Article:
My nephew asked me recently, “What is Google”? It’s really quite difficult to summarize in a sentence, isn’t it? Some say it’s a search engine company. Others say it’s an Internet application company. Lately it’s become a software company and it briefly ventured into the hardware company arena (i.e. Nexus 1). Finally it has moved full steam ahead into a hardware company with its purchase of Motorola Mobility.
Taking a step back and looking at what they really do, Google has transformed itself into, at the end of the day, a telecommunications company. Webster’s defines telecommunications as: “communication at a distance”. Wikipedia defines telcommunications as “The transmission of information over significant distances to communicate.”
Almost all of Google’s services fit these descriptions, although perhaps not in the traditional sense. Google makes it ridiculously easy for people asking questions to get “the best” answers via their search engine and sponsored ads platform. Their Android platform allows users to communicate with others via cell-phone and tablet. Their Google Docs applications allow users to communicate with co-workers and customers at no cost. Their gMail application allows users to…well you get the idea.
Google has even begun building experimental, ultra high-speed broadband networks. Oh my! http://www.google.com/appserve/fiberrfi/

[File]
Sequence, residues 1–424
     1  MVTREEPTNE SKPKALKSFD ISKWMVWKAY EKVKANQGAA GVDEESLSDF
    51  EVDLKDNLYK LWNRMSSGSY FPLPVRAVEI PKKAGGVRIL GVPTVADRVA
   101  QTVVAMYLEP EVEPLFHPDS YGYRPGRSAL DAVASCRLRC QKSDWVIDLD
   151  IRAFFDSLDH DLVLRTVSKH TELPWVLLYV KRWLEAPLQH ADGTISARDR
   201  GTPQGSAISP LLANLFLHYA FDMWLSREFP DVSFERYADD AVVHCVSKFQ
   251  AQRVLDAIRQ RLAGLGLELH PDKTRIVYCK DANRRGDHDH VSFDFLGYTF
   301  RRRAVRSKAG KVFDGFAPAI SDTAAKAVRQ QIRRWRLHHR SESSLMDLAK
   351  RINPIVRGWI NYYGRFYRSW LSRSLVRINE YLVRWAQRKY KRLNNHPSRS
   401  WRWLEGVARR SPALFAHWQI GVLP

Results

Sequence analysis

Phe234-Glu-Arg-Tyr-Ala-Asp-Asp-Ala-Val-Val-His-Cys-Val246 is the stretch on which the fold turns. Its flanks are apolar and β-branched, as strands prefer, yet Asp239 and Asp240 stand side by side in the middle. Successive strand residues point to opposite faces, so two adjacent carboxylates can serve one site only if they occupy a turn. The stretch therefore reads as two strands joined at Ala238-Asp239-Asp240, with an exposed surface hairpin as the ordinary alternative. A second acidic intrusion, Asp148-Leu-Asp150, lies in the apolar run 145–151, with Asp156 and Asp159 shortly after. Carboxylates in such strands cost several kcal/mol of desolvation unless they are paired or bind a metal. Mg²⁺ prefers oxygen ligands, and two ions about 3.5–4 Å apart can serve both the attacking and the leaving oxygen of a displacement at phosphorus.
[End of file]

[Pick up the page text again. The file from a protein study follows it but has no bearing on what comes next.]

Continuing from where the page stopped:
Enter Google +1. Google +1 offers the same simple and free communications benefits that all their other applications offer. Google +1 allows users to communicate more effectively with the world. Specifically, it allows users to target audiences what they want to talk to, and allows users to filter out those users that it doesn’t want to hear. The coolest feature of Google +1, Hangouts, is the feature that is certainly striking fear into the hearts of both Skype (now Microsoft) and Facebook: Hangouts.
Hangouts allow video conferencing with multiple users simultaneously. Skype charges a premium for this capability (although probably not for long now). Facebook video chat only allows 1 on 1 chats. It is interesting that this news hasn’t caused more shockwaves throughout the telecom community. Like everything Google, it is so easy to use and so easy to share with your friends and business associates alike. It’s even easier to use than Skype, which this author didn’t know was even possible.
With Google +1, you can easily start video conferencing with 9 of your friends/coworkers/employees in a matter of seconds – no phone numbers or user names to remember. It’s only a matter of time before Google introduces a free screen sharing application of the GoToMeeting.com variety. When this service arises for free, Google will stand an entire telecom market on its head, once again.
Simplicity, creativity, elegance, and free-service: these seem to be the Google way. As long as Google keeps printing money with its sponsored ads, patents, and other paid-for technologies, there is really no end in site for how Google’s free services will simultaneously disrupt and add massive value to the telecommunications industry.